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Title: Studies on chloramphenicol acetyltransferases specified by R-factors.
Authors: Packman, Leonard Clive.
Award date: 1978
Presented at: University of Leicester
Abstract: (1) Chloramphenicol acetyltransferases, specified by R-factors, were studied in Escherichia coli. Strains were constructed which contained two compatible R-factors, one F-like and one non-F-like, coding respectively for a type I and a type III variant of chloramphenicol acetyltransferase. In the majority of dual plasmid strains studied, the presence of the type I variant only was detectable. A strain carrying plasmids R429 (fi+) and R387 (fi-) synthesised both variants of chloramphenicol acetyltransferase. Possible mechanisms leading to the apparent dominance, in most dual plasmid strains, of the synthesis of the type I variant are discussed. (2) A mutant of E.coli J53(R429) was obtained which exhibited a four to five-fold increase in the production of chloramphenicol acetyltransferase. This mutant was characterised with respect to the effects of nutrient supply and growth rate on the production of chloramphenicol acetyltransferase, with a view to obtaining the maximum yield of enzyme from a four hundred-litre preparation of the organism. (3) The primary structure of two variants of chloramphenicol acetyltransferase (those specified by plasmids R429 and R387) were studied. The aim was to establish the extent of sequence homology exhibited, by each, with a prototype variant (type I) of known amino acid sequence. The R429-specified variant (type I) was seen to be highly homologous with the prototype structure while the type III variant demonstrated regions of greater sequence variability. The significance of these findings are discussed in relation to the known function, in the native enzyme, of certain regions of the prototype sequence. (4) The subunit interactions of chloramphenicol acetyltransferase were studied using chemical modification techniques. Extensive modification of the tetramer with acid anhydrides did not promote the dissociation of the enzyme into its component subunits. The quaternary structure was also relatively stable to extremes of pH. Extensive modification by methyl acetimidate produced a tetrameric protein of reduced catalytic activity. Preparative amidination experiments enabled the identification of those lysine residues which are inaccessible to modification in the native enzyme. No sequence homology was apparent between the unique 'buried' lysine-containing peptides from types I and III variants of chloramphenicol acetyltransferase. (5) The symmetry of chloramphenicol acetyltransferase was investigated by crosslinking with bifunctional reagents. The maximum yield of crosslinked products was poor (23-30%) and conclusions about the symmetry of the oligomer were tentative. The results indicate a possible 'dimer of dimers' arrangement of subunits in the R429-specified variant. (6) Tetrameric, hybrid chloramphenicol acetyltransferases, composed of subunits of the two variants specified by plasmids R429 and R387, were isolated from a dual plasmid strain of E.coli. An analytical investigation was made of the amino groups which were inaccessible, in the native enzyme, to modification by methyl acetimidate. The 'buried' lysines of the a3B a2B2 hybrids were observed to be different from those expected on the basis of a combination of a (R387-Specified) and B (R429- specified) subunits as seen in the parental (a4, B4) enzymes. This variation is tentative evidence for the participation of these lysine groups in interactions at the subunit contact regions of the tetramer. Based on this evidence, models for the subunit interactions of chloramphenicol acetyltransferase are proposed.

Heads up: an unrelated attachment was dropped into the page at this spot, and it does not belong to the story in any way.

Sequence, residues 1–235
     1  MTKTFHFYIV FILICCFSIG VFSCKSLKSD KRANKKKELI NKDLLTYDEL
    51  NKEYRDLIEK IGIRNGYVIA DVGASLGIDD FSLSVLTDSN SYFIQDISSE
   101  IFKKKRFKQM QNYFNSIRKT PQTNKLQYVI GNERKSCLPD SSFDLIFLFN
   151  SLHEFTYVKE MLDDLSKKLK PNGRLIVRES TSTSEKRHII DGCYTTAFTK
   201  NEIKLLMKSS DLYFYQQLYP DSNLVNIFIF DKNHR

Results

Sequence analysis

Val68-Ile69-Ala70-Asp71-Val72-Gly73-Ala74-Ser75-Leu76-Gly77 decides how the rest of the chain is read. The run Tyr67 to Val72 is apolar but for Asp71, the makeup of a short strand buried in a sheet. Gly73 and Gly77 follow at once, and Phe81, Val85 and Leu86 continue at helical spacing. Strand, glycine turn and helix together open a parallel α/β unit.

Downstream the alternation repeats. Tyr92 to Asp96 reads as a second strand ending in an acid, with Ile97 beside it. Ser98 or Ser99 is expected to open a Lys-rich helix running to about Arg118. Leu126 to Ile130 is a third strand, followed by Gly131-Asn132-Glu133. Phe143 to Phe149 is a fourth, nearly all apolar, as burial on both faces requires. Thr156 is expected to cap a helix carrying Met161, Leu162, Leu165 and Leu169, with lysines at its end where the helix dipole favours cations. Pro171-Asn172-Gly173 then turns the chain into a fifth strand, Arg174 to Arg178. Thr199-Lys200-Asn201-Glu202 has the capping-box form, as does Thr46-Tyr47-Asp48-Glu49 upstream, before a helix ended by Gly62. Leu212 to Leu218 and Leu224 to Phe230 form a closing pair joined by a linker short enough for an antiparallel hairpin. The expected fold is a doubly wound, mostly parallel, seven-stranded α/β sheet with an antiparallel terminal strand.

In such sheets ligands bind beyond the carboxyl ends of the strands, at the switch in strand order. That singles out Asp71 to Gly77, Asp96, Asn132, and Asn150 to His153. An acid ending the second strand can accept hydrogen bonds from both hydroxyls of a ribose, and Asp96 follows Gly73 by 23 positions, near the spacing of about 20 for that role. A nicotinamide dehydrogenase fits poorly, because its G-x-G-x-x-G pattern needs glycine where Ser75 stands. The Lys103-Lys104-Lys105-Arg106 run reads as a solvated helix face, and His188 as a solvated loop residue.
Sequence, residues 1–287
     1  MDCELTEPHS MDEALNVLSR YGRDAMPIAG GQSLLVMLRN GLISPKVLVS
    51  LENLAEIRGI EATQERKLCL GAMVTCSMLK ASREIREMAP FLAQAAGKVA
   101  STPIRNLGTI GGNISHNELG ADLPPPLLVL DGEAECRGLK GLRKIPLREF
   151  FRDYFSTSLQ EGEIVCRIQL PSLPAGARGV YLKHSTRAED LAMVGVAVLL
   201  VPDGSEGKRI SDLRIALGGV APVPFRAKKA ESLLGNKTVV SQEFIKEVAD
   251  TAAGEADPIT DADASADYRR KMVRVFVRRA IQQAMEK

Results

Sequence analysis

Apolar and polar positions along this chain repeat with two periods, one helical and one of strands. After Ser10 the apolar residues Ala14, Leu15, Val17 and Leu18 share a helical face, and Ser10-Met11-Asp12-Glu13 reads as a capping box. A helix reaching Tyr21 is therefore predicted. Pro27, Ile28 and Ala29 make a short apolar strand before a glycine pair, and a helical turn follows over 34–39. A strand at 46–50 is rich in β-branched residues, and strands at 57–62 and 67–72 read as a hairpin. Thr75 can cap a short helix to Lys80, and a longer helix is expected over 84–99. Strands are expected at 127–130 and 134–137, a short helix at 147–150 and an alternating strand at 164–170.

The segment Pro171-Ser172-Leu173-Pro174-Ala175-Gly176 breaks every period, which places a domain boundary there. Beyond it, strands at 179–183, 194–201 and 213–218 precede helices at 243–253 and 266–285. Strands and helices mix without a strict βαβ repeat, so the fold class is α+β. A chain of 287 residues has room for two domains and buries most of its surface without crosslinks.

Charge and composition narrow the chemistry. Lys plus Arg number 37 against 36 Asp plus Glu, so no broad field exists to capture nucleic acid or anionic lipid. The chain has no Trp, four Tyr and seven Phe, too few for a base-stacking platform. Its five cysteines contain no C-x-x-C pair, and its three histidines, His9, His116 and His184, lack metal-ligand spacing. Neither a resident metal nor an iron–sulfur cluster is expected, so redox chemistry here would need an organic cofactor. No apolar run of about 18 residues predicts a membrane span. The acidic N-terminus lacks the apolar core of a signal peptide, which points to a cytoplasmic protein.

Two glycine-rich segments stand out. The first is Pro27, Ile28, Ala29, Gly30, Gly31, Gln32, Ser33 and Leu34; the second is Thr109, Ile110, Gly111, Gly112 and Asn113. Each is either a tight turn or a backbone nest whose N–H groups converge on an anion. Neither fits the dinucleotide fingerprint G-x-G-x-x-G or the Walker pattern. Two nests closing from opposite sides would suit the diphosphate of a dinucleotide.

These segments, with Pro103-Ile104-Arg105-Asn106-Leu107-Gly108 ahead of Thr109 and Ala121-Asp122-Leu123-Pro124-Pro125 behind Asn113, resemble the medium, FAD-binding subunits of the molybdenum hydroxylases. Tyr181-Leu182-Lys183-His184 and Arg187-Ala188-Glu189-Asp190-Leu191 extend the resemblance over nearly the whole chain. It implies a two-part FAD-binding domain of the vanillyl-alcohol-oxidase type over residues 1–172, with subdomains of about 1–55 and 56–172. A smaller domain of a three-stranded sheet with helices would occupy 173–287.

Level: Doctoral
Qualification: Ph.D.
Rights: Copyright © the author. All rights reserved.
Appears in Collections:Theses, Dept. of Biochemistry
Leicester Theses

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